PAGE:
Past and Present Uses of the Percheron Horse

Originally bred for use as war horses, Percherons were later used for pulling large stagecoaches and, later still, for work in agriculture and for hauling heavy goods.  The Percheron is the most notable and populous of all the French draft breeds in the world today.  They have been favoured over the centuries for cross breeding to improve bloodlines in Ardennes and Vladimir Heavy Drafts (among many others) and were also crossed with Andalusian horses to create the Spanish-Norman breed.    

Percherons are still used around the world today in parades and sleigh or hay rides, and are used to pull large carriages in cities. The most extensive team of working Percherons in Europe is found at Disneyland Paris, making up 30 percent of the horses in the park.

In Canada, Percherons are still the draft horse of choice for those lucky enough to win private sustainable logging contracts.  On Prince Edward Island, Percherons are still used for the harvest of a type of seaweed called Irish Moss, navigating rocky shores and bringing approximately $1M annually to the region.

In Great Britain, the Percheron is favoured among horse breeds for advertising and publicity due to their commanding stature and presence.  They are also still actively used in forestry and agricultural work.  

Percherons are also exceptional riding horses, particularly for heavier riders and more demanding riding disciplines.  Some purebred Percherons have proven useful at show jumping, though it is more common to see Percherons crossed with Thoroughbreds and Warmbloods for the show ring.  In Australia, Thoroughbred-Percheron crosses are also used as mounted police horses. 

Percheron Conformation and Colour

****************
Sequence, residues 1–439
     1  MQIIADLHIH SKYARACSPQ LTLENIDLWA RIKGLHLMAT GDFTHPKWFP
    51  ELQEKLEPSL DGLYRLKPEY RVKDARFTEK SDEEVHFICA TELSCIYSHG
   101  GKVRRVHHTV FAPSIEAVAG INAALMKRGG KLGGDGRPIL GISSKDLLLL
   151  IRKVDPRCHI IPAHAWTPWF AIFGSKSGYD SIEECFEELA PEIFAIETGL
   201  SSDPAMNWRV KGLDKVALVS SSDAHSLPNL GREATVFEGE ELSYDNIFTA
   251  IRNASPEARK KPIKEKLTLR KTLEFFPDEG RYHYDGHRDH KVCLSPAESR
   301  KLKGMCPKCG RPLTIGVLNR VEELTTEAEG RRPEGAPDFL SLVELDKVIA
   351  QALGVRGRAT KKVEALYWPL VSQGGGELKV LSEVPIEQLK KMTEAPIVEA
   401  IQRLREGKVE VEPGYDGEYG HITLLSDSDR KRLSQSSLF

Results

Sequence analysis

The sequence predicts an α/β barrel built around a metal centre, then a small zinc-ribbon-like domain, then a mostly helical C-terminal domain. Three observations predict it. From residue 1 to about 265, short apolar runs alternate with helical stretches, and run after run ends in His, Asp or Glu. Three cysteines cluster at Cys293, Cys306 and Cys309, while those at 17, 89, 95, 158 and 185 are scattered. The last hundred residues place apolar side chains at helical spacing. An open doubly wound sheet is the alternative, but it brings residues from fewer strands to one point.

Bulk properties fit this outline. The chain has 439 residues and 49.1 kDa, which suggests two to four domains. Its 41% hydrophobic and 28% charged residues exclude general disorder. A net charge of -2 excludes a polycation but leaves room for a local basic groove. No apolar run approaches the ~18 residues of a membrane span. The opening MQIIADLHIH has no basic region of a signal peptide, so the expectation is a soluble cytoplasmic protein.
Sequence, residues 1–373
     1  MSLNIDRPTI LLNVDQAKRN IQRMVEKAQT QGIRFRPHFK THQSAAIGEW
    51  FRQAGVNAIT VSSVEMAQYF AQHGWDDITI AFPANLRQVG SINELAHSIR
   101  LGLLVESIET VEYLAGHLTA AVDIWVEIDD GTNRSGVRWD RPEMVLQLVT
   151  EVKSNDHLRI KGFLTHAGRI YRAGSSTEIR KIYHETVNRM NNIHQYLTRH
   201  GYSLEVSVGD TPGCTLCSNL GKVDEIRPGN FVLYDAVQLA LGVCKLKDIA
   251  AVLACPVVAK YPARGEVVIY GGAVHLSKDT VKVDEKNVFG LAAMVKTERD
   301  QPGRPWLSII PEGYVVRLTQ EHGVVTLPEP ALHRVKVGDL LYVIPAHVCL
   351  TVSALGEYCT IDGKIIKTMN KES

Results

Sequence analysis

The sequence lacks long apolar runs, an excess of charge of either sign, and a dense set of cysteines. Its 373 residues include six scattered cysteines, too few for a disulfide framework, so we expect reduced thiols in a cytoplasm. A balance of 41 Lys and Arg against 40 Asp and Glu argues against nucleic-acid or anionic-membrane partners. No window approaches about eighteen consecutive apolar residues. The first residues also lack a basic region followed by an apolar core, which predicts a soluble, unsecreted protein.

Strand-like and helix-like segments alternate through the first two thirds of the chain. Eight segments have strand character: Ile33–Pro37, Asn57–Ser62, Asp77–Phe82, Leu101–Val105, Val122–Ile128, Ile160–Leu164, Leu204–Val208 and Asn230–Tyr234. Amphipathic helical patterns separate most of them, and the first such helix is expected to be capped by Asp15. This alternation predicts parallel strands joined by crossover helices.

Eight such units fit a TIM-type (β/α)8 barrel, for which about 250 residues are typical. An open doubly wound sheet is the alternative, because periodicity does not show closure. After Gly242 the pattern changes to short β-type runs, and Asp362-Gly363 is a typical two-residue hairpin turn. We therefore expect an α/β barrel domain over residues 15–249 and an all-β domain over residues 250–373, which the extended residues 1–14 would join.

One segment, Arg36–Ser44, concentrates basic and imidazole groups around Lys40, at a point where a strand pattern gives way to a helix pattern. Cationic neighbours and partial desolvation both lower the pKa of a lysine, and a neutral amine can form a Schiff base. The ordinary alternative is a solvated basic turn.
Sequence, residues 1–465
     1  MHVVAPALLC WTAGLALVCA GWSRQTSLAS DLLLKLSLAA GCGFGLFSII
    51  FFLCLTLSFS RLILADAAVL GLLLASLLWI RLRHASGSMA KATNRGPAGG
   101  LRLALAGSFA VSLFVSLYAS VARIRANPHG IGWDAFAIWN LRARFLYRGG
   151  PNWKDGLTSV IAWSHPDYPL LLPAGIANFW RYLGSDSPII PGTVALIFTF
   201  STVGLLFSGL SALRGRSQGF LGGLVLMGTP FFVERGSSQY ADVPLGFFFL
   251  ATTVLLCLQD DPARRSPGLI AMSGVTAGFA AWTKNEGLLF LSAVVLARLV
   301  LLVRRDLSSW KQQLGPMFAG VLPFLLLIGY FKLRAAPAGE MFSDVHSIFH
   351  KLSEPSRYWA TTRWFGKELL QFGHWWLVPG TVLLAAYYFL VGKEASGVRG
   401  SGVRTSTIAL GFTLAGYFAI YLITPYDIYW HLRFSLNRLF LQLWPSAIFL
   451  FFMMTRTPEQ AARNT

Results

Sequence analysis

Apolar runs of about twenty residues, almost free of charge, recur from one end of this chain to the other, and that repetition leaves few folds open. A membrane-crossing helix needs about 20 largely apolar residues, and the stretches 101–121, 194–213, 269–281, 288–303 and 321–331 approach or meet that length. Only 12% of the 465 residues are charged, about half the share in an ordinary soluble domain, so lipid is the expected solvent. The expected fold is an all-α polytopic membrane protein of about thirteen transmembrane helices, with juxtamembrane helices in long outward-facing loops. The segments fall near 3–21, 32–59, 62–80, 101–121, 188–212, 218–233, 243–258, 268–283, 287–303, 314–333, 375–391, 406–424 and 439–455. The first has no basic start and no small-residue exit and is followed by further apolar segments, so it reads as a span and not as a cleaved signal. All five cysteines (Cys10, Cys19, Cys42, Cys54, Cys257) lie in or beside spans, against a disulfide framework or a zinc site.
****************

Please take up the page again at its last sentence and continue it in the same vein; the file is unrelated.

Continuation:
Though the conformation – or physical make-up of the breed – has evolved over the years, modern breed standard describes a horse that is anywhere from 15-19 hands high (or 60 to 76 inches from the ground to the top of their wither).  Their weight ranges from 1,600 lbs in the shorter or more refined builds, to an imposing 2,400 lbs on the larger end of the scale.  

Percherons have striking, broadheads with alert and forward ears and bright, prominent eyes that communicate intelligence and spirit.  The neck is longer than some draft breeds and considerably arched, flowing into a long sloping shoulder that typically sits at a 45 degree angle to support free, forward movement and naturally expressive carriage.

A well-bred Percheron should have a deep, wide chest to accommodate a strong heart and a big lung capacity.  Other characteristics of the breed include well-defined withers, a short back, a deep girth, a longer level croup, a large and well-rounded hip and powerfully defined muscling in the lower thigh.  Percherons may appear slightly “cow hocked” in the hind end – or stand with their hocks fairly close together.  While this may not be a particularly desirable trait in, say, a dressage horse, for the Percheron it provides power and action for hauling or pulling heavy loads.  Unlike the Clydesdale with its iconic feathered lower limbs, the Percheron has very little feathering.   

They are most commonly grey or black in colour, but sorrel (or chestnut) and bay Percherons appear on occasion and are still accepted by most Percheron Registries.  

Character Traits & Trainability of the Percheron Horse

Like the Clydesdale, Percherons are referred to as “cold blooded”, which means that they tend to be very level headed and measured in their interactions with people and their environments, as opposed to other breeds that can be more flighty, reactive or “hot”.  

Those who work with Percherons will tell you that they quickly earn their handlers’ allegiance.  Extremely willing, Percherons will tackle any job set before them with power, grace and determination.  They are also a very intelligent breed that learn new tasks with ease and have a soft, yet commanding presence. 

Meet the Tally-Ho Herd of Horses

Tally-Ho is honoured to play a small role in preserving this incredible draft breed.  We currently have two purebred Percherons (Jinx and King) as well as a pair of Percheron-Belgian cross geldings (Timber and Tucker) who were formerly a logging duo.   

If you’d like to learn more about our beloved Percherons, or any members of our herd, you can choose to sponsor a horse or visit our website at www.tallyhotours.com to book a tour to experience these majestic horses in person. Can’t get enough of our gentle horses? Take your very own plush horse home to love. Available in 7.5″ or 12.5″ heights, “Clyde” and “Rimsky” are available in our online gift shop. They come complete with pulling harnesses and make a wonderful keepsake!